A quantitative analysis of the reward-enhancing effects of nicotine using reinforcer demand

Scott T. Barrett, Rick A. Bevins

Research output: Contribution to journalArticle

21 Scopus citations

Abstract

Reward enhancement by nicotine has been suggested as an important phenomenon contributing toward tobacco abuse and dependence. Reinforcement value is a multifaceted construct not fully represented by any single measure of response strength. The present study evaluated the changes in the reinforcement value of a visual stimulus in 16 male Sprague-Dawley rats using the reinforcer demand technique proposed by Hursh and Silberberg. The different parameters of the model have been shown to represent differing facets of reinforcement value, including intensity, perseverance, and sensitivity to changes in response cost. Rats lever-pressed for 1-min presentations of a compound visual stimulus over blocks of 10 sessions across a range of response requirements (fixed ratio 1, 2, 4, 8, 14, 22, 32). Nicotine (0.4 mg/kg, base) or saline was administered 5 min before each session. Estimates from the demand model were calculated between nicotine and saline administration conditions within subjects and changes in reinforcement value were assessed as differences in Q0, Pmax, Omax, and essential value. Nicotine administration increased operant responding across the entire range of reinforcement schedules tested, and uniformly affected model parameter estimates in a manner suggesting increased reinforcement value of the visual stimulus.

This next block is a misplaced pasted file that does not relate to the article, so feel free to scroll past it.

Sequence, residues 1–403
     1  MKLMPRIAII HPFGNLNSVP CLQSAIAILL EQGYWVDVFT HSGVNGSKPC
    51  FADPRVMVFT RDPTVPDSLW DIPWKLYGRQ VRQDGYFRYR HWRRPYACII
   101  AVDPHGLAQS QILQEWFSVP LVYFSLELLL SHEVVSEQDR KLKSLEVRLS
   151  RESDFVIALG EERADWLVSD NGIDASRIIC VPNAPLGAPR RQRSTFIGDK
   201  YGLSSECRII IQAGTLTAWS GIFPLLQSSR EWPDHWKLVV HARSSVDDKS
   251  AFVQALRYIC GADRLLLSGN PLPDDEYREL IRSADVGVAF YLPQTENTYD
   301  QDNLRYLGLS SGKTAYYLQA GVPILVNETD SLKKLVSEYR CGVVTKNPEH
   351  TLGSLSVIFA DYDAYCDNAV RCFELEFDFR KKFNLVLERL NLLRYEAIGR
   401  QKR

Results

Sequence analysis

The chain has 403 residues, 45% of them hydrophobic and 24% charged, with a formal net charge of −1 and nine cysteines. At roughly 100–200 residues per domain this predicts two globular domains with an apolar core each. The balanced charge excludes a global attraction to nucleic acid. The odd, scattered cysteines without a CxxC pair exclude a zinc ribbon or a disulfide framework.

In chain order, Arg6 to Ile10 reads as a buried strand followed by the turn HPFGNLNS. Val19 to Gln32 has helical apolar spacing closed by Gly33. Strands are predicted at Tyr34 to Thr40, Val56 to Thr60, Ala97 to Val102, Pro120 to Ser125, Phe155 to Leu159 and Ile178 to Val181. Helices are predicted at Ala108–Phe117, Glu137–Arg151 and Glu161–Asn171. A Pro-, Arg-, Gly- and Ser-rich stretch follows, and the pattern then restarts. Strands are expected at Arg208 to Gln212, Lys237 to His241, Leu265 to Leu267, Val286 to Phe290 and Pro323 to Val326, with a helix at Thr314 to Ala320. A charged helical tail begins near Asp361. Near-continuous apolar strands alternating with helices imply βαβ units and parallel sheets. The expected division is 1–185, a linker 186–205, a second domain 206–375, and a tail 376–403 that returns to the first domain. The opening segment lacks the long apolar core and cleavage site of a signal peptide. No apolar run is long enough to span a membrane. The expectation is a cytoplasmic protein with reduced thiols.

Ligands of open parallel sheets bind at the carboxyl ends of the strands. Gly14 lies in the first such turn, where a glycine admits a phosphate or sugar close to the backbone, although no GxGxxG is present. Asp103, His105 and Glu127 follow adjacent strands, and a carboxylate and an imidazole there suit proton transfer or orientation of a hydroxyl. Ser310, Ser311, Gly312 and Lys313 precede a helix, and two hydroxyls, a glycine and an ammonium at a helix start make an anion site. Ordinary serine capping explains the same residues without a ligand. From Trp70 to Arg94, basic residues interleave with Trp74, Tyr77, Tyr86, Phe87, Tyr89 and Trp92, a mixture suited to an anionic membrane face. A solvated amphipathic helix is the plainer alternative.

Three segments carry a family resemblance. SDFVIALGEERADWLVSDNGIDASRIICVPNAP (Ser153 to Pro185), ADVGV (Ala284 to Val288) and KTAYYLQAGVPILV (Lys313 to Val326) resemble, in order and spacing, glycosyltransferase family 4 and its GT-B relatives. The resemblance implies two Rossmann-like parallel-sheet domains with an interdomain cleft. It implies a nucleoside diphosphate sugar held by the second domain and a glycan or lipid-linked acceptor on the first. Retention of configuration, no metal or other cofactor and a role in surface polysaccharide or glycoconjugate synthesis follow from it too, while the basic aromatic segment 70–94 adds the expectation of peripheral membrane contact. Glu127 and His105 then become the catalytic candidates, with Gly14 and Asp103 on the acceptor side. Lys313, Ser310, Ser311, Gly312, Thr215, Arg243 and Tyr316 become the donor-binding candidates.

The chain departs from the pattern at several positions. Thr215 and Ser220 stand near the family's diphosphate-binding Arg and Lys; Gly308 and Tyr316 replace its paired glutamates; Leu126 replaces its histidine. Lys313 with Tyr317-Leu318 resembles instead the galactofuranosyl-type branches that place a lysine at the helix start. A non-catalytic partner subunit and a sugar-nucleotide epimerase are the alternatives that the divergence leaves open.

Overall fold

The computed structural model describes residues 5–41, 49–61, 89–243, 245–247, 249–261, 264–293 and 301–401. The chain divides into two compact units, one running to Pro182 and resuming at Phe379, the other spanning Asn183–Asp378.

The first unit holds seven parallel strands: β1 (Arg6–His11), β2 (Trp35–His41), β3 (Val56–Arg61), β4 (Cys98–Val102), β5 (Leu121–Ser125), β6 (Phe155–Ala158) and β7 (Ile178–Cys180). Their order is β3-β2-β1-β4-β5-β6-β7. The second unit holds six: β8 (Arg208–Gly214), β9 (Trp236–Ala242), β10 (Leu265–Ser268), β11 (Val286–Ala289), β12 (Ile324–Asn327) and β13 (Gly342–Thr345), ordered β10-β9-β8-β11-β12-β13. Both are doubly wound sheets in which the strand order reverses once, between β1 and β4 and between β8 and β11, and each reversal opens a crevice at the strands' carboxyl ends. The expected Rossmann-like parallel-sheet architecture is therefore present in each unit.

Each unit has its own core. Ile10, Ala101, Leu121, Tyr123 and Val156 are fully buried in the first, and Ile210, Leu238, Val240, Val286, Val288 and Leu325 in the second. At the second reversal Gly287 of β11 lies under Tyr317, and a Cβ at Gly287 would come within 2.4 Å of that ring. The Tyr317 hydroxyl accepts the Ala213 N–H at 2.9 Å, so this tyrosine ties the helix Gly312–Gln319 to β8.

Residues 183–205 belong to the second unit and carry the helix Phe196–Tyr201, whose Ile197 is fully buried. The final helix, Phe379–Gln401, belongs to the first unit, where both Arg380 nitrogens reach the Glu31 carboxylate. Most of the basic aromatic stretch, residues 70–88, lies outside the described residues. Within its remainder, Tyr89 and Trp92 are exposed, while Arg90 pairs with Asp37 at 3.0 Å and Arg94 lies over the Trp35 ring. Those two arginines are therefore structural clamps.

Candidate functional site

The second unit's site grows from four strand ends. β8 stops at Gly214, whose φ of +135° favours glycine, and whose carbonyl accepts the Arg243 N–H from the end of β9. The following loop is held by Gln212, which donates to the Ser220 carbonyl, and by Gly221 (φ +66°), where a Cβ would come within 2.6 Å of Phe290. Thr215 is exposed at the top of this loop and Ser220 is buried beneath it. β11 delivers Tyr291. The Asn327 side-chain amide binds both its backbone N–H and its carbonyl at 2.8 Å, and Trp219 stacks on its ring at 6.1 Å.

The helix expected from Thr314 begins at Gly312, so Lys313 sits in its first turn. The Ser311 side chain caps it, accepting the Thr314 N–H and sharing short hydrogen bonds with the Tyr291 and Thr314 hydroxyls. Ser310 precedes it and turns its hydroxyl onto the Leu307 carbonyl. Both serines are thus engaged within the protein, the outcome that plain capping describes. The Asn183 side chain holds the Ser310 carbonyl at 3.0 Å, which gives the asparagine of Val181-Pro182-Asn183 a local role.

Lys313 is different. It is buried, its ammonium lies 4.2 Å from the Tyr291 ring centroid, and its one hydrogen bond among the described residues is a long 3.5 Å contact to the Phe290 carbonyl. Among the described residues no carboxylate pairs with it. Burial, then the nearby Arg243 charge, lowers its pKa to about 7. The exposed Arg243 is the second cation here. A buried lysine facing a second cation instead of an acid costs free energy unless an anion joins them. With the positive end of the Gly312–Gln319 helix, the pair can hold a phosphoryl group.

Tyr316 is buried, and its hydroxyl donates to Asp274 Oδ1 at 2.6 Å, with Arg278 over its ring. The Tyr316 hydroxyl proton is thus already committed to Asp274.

Original languageEnglish (US)
Pages (from-to)781-789
Number of pages9
JournalBehavioural pharmacology
Volume23
Issue number8
DOIs
StatePublished - Dec 1 2012

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Keywords

  • nicotine
  • rat
  • reinforcer demand
  • reward

ASJC Scopus subject areas

  • Pharmacology
  • Psychiatry and Mental health

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